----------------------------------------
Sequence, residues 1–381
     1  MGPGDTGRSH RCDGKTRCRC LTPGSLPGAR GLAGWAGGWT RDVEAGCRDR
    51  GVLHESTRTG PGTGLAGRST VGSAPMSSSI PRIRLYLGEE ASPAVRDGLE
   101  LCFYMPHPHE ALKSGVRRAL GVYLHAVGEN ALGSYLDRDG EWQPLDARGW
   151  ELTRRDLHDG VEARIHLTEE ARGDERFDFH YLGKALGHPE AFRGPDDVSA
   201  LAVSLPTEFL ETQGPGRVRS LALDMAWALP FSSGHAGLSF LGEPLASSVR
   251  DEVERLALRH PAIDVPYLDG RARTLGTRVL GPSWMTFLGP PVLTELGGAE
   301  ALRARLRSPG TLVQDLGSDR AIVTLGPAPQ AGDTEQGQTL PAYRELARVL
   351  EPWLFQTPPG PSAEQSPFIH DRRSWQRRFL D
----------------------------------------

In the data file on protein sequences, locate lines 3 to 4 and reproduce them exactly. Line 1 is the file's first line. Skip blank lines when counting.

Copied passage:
    51  GVLHESTRTG PGTGLAGRST VGSAPMSSSI PRIRLYLGEE ASPAVRDGLE
   101  LCFYMPHPHE ALKSGVRRAL GVYLHAVGEN ALGSYLDRDG EWQPLDARGW